But as the company grows, it gets harder to make those accommodations for people, especially if you have a direct feed from your HR system into the system that sets up your network accounts. My company has been around forever, and the people who have been here a long time have abbreviated versions of their names (Tim rather than Timothy, etc). But newer employees just get firstname.lastname and that’s that.

              2. NylaW*

                There are some regulations for healthcare and government agencies that if you have a medical license your username in all systems and email address has to be the name that is on your legal medical license. We have nurses and doctors complain about this all the time, and we tell them if you don’t like your given name you have legal options to change it any time you like.

              3. martini*

                I realize a lot of people with anglo-names haven’t run into this, but there are a huge number of people using names that don’t match what’s on their birth certificate, and they use it in all aspects of their life. The guy in the cubicle next to me has a Chinese name that I only found out about through a computer glitch, his email is different and he only ever uses the anglo-name. I worked for a licensing authority once, and this came up there all the time too.

              4. Tinker*

                It seems like she shouldn’t even be able to “make a big stink” — had she not liked the name, from my perspective the only acceptable response to “my email address is pronounced ‘sex paddle’, and I do not favor this”, pretty much regardless of how delivered, is “oh my deity expression of choice, I am so sorry, I will make sure this is fixed immediately.”

              1. AnonK*

                Bless you :) and I pay it forward – I make sure that nobody on my team is ever rude to HR, accounting, or other support orgs.

                We all need to stick together.

          3. MJ*

            Yeah, this. I have both mj.lastname and fullfirst.lastname and they both just come to my main inbox. Same with my hubby who changed his last name when we got hitched. This sounds like an IT fail as much as anything.

            1. Jen in RO*

              An ex-coworker of mine got married last year. The day after the submitted the paperwork with her new name, she had been locked out of all her accounts. A couple of hours later (and only because we had local IT and didn’t have to make a ticket in the system), it transpired that someone had changed her username and hadn’t told her. They couldn’t grant her new username all the correct rights, so they just reverted back to the old one and changed the display name on her e-mail account.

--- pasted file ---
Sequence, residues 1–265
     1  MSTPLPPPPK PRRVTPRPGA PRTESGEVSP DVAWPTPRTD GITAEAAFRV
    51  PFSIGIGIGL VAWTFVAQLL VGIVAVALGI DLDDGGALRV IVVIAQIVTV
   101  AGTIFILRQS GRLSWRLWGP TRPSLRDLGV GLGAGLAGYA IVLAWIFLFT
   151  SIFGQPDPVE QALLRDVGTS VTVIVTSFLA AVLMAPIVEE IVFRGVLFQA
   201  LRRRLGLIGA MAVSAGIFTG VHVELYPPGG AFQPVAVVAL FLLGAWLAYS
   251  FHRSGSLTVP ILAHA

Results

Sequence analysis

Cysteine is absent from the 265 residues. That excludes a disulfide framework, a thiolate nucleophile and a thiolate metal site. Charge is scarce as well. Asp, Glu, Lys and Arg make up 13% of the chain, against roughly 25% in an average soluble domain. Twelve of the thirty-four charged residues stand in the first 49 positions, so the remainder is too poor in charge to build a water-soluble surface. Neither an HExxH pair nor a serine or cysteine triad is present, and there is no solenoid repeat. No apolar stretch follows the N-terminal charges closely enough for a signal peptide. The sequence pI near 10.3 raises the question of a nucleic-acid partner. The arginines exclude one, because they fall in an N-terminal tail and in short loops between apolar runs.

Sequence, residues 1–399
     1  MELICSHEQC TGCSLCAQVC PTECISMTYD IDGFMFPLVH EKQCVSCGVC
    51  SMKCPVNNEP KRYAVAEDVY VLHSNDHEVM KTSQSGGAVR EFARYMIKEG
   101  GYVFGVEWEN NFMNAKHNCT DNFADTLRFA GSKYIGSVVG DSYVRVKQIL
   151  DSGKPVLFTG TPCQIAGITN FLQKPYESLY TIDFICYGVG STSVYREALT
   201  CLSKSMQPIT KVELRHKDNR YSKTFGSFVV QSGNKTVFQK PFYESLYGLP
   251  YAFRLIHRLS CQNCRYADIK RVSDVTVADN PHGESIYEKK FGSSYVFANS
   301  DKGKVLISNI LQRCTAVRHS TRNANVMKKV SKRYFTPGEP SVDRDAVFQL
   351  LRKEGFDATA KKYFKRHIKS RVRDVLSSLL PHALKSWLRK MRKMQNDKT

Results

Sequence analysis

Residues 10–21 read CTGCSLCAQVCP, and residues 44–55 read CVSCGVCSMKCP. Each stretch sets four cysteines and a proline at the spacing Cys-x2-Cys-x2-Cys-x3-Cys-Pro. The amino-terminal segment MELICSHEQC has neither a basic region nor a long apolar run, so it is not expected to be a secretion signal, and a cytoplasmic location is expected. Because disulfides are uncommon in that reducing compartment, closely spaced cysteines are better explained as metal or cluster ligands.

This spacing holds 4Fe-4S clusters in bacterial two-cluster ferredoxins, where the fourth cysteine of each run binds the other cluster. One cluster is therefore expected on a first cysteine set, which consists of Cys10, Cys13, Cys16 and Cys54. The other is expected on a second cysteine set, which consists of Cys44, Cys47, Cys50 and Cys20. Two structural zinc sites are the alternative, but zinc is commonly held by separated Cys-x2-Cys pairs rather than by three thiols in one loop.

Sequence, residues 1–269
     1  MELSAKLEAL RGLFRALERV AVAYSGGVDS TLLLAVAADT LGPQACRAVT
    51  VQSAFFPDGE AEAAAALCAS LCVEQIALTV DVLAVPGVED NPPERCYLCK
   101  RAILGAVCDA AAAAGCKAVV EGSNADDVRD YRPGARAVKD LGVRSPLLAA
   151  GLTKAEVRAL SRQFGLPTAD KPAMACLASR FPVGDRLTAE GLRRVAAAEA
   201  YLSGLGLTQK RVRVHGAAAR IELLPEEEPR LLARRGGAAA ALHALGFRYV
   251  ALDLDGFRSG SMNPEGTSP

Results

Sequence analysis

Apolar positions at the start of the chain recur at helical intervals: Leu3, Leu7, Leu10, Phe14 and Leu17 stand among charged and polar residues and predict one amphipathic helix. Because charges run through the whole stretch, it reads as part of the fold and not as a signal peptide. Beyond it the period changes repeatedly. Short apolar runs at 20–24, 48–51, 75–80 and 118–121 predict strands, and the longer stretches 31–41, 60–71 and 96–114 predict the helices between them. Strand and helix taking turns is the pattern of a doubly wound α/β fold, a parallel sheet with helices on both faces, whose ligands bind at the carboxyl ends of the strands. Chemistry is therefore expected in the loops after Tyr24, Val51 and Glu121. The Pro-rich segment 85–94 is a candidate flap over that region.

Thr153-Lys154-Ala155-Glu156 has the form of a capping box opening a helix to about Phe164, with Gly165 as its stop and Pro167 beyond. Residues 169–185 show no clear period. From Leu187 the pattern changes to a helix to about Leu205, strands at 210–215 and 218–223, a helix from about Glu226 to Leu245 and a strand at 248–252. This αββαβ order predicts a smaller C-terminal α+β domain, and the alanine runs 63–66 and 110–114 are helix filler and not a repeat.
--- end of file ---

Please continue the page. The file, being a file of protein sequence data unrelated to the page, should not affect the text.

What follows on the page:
2. Tinker*

          The guy sounds like a bit of a jerk overall, but in that case it doesn’t sound like the failure was his. Speaking as a person who is in something of a similar situation, the most bureaucratic company I’ve worked for was able to incorporate my proper name — as in, the name that I’m known by and answer to — into my email address and the “preferred name” field of the corporate address book, although they still prominently listed my legal first name. For all other employers I’ve had my legal name has basically been between me and HR, as it should be.

          It’s not all that uncommon to encounter cases where people have preferred names that differ from their legal names or have legal names that change. That IT dragged their heels on dealing with this and then implemented it badly sounds like more their failing than his.

          1. Ann Furthermore*

            Yeah, huge jerk, and to be fair, looking back on our very rocky relationship there were things I could have handled better.

            But you’re right — it was some sort of IT snafu, I’m not sure what. When I got married, I changed my name, and now both email addresses point to the same Active Directory ID.

      2. HR Lady*

        AnonK, I often help managers write PIPs. I go through the details with them to make sure they don’t state anything that’s incorrect, because of course that lowers the credibility of the manager (and the PIP itself). I would have been so annoyed if a manager wrote a PIP like the one you described – where the employee could not have been at the meeting because he/she was in the hospital that day.

        (That said, my guess would be that the incident happened at a different meeting on another day, and the manager just remembered the details incorrectly. Managers should keep notes about when employees mess up, so that they don’t have to rely on their memories.)

        1. AnonK*

          It was a pure revenge PIP. It’s been a number of years so some of the details have faded over time. But what really went down was this:
          Boss was very insecure. If you made him look good, he was fine. He was abusive and created a toxic environment. He would publically dress down his directs in front of his peers just so he would get full credit. I can write a book about this guy, and actually have told several stories about him in my comments. My self preservation way of managing up was to make him look as good as possible. This limited the vile spewed my way.